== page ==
Instead, we sing worship songs that make us feel happy or songs that praise God with adoration - which rarely feels sincere or connected, frankly. We read a pre-written call to worship saying how unworthy or grateful we are, we ask for prayers for people we know who are suffering but never for ourselves, or reveal anything about our own lives to each other; and then the pastor talks about a subject he is passionate about - or not - without engaging the audience in any way, except for the obligatory joke. Everything ends on a high note, and off we go with a handshake for another week of living.
The entire service proclaims what is so, without leaving any room for those who might not feel that kind of certainty to relate to any part of the experience; the prayers are generally said by the pastor or liturgist, losing an opportunity for people to participate, be challenged, and risk vulnerability in other ways.
This year I've tried to make small changes, or attempts at connecting people incrementally at a heart level. It's like pulling teeth. Even repeatedly asking people to ask for prayer for themselves for everyday challenges brings no response. They are so embedded in their way of doing things that they don't dare take the smallest risk. I'm tempted to change the service dramatically for a couple of Sundays, requiring them to take some of these steps in another context. They'll be so glad to get back to their familiar practices that they'll submit to one or two concessions or requests.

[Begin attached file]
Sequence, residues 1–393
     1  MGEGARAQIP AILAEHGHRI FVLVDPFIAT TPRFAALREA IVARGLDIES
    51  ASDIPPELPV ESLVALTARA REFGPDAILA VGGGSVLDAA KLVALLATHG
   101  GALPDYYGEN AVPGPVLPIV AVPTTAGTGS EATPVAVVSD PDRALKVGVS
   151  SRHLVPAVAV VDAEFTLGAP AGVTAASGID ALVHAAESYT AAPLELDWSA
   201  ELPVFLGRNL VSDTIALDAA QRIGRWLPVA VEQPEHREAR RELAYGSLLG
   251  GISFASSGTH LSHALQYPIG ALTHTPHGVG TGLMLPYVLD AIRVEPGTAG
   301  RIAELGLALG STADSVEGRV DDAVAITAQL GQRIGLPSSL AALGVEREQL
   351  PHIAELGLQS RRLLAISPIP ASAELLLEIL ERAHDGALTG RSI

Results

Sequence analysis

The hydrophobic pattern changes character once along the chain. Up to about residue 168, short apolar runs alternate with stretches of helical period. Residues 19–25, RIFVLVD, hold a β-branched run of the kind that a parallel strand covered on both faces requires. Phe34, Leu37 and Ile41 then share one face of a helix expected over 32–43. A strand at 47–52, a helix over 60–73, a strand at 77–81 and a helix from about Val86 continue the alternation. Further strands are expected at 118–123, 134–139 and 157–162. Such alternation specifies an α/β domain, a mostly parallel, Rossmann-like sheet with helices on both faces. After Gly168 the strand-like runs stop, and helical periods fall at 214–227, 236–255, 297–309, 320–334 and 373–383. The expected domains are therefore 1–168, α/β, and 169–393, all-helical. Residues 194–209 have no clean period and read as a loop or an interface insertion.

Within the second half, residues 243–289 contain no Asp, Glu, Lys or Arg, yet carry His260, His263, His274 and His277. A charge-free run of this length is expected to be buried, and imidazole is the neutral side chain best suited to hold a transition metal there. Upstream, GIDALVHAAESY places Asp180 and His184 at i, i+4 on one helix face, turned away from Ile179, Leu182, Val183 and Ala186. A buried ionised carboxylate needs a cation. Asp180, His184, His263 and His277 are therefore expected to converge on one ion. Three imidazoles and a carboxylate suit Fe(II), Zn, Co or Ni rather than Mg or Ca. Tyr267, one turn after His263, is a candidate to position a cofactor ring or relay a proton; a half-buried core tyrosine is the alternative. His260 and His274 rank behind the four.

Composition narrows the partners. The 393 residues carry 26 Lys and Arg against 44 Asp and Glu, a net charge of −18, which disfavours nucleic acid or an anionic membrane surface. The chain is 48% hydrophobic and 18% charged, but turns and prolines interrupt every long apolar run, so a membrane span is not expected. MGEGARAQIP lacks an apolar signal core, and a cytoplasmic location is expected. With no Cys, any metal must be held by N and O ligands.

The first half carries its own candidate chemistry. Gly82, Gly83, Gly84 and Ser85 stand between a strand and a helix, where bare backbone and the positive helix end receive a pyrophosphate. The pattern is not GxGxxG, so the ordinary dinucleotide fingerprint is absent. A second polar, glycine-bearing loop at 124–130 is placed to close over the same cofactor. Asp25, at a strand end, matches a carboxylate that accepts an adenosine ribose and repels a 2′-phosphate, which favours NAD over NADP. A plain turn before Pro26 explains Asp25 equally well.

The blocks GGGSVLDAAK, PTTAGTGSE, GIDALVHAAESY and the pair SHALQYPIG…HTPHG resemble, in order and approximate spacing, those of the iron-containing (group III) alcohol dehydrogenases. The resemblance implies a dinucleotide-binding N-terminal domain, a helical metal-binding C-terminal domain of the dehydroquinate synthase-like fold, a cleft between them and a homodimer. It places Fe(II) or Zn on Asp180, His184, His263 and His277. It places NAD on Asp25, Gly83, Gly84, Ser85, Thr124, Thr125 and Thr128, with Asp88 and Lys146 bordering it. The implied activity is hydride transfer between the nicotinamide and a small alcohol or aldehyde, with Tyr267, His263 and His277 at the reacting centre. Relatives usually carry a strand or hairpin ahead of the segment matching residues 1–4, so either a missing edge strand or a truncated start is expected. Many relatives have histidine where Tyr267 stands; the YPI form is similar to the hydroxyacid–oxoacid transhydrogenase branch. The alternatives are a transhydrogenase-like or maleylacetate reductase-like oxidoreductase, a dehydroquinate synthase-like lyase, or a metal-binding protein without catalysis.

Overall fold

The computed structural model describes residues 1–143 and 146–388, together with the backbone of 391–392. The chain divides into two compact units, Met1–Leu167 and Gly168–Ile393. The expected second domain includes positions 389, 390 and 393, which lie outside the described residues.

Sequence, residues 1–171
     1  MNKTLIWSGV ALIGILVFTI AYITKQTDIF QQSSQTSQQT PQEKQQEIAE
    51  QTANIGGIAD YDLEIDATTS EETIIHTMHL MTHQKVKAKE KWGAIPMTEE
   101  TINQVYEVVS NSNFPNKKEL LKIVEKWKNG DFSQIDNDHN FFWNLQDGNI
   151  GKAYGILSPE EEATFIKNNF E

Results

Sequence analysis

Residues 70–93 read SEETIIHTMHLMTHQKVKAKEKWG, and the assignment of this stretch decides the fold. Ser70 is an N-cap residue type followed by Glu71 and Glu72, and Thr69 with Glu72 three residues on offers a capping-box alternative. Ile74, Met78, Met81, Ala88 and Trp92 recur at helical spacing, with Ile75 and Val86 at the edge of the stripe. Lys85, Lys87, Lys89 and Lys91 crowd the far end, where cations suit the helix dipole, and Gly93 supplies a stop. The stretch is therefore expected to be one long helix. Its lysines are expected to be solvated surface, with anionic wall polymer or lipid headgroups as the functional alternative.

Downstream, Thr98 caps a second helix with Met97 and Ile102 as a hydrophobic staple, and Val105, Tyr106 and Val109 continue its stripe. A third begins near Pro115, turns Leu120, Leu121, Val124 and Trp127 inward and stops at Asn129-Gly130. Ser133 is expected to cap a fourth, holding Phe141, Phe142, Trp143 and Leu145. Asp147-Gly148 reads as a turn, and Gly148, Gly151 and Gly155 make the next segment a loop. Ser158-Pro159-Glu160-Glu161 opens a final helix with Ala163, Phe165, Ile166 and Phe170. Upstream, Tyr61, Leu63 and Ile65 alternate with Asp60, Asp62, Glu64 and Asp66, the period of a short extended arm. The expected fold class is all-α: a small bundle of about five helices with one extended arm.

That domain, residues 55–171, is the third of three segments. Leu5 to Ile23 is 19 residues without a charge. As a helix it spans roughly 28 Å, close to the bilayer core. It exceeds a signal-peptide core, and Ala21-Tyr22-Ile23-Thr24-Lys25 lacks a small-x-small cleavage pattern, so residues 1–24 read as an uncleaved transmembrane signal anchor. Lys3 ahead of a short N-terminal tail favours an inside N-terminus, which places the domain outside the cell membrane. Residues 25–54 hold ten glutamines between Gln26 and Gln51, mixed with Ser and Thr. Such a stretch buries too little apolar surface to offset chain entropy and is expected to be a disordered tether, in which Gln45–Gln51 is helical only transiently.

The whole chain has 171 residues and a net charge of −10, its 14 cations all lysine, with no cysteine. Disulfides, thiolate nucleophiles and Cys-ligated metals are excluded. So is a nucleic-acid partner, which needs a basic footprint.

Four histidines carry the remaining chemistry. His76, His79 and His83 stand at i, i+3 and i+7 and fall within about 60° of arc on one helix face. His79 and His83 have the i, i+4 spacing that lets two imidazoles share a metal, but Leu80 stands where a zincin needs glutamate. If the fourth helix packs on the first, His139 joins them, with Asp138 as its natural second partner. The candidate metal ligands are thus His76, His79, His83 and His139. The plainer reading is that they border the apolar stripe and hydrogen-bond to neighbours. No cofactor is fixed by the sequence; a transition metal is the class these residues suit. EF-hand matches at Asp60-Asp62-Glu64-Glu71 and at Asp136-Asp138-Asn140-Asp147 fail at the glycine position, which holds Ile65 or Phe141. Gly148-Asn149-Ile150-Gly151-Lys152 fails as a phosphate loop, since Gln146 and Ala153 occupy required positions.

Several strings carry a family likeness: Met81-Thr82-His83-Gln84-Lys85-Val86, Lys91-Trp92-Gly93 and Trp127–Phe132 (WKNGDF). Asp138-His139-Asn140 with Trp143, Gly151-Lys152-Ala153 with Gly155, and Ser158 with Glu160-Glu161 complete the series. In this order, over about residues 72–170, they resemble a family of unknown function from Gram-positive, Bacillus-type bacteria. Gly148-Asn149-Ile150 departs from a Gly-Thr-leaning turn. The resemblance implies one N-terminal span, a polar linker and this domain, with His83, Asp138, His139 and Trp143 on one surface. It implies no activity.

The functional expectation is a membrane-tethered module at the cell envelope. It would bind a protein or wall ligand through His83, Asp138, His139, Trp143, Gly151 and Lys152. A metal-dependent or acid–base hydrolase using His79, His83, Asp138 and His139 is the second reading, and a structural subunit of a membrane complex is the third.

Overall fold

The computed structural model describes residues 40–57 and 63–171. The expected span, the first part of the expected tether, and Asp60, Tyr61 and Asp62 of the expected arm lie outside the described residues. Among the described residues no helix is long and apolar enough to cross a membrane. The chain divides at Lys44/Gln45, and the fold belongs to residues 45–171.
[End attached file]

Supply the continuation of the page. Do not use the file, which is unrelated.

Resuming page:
Doing something apart from the familiar is scary, and risking looking foolish can create a sense of terror in some people, but it is less than we ask young children to do in pre-school. It is ridiculous that we should be afraid to make small changes in a place where God lives. There should be no safer place on earth.
Clearly, this is an issue of being safe, and creating an environment that feels safe is the first priority for every church community. This doesn't only need to happen in the sanctuary, but in every environment that people are gathered regularly.
I was in a administrative board meeting recently when it was pointed out that a participant in the Lenten series the year before did not return because they had been called on during one of the sessions. The board director made a point to mention that it was I who had asked the question.
I facilitate severe conflicts for a living. I am a mediator and peacemaker in very difficult and polarizing situations. I also owned an inpatient alcohol and drug rehab. The last thing I am is confrontive or threatening. If I asked a question, it was surely either a simple and innocent question, or it was a feeling and compassionate question intended to draw out some meaningful dialogue. If this church community is so threatened that they protest being called on in a group of mostly family and friends, and if I have th eperson right they grew upin this church and her parents were in the room,then the church is doing something wrong. This is a fairly clear indicator that work needs to be done. There is something wrong in Denmark, and it involves trust and letting go of control.
When the participants are controlling Bible studies to the point of a pastoral team not being allowed to call on people at times, there is a deeper problem than meets the eye.